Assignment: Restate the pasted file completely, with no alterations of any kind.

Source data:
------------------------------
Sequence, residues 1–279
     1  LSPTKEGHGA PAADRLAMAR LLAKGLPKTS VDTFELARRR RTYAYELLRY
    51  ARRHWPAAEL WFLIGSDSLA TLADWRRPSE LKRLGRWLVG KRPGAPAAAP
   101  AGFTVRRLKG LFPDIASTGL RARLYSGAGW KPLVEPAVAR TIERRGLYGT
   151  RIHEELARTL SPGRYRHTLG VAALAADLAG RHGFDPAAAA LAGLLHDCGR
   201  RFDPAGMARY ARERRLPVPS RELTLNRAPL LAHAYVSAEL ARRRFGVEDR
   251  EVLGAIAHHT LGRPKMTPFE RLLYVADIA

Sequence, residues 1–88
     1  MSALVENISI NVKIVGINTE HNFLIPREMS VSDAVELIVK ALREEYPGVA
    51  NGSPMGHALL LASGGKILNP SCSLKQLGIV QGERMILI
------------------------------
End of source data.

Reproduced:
Sequence, residues 1–279
     1  LSPTKEGHGA PAADRLAMAR LLAKGLPKTS VDTFELARRR RTYAYELLRY
    51  ARRHWPAAEL WFLIGSDSLA TLADWRRPSE LKRLGRWLVG KRPGAPAAAP
   101  AGFTVRRLKG LFPDIASTGL RARLYSGAGW KPLVEPAVAR TIERRGLYGT
   151  RIHEELARTL SPGRYRHTLG VAALAADLAG RHGFDPAAAA LAGLLHDCGR
   201  RFDPAGMARY ARERRLPVPS RELTLNRAPL LAHAYVSAEL ARRRFGVEDR
   251  EVLGAIAHHT LGRPKMTPFE RLLYVADIA

Sequence, residues 1–88
     1  MSALVENISI NVKIVGINTE HNFLIPREMS VSDAVELIVK ALREEYPGVA
    51  NGSPMGHALL LASGGKILNP SCSLKQLGIV QGERMILI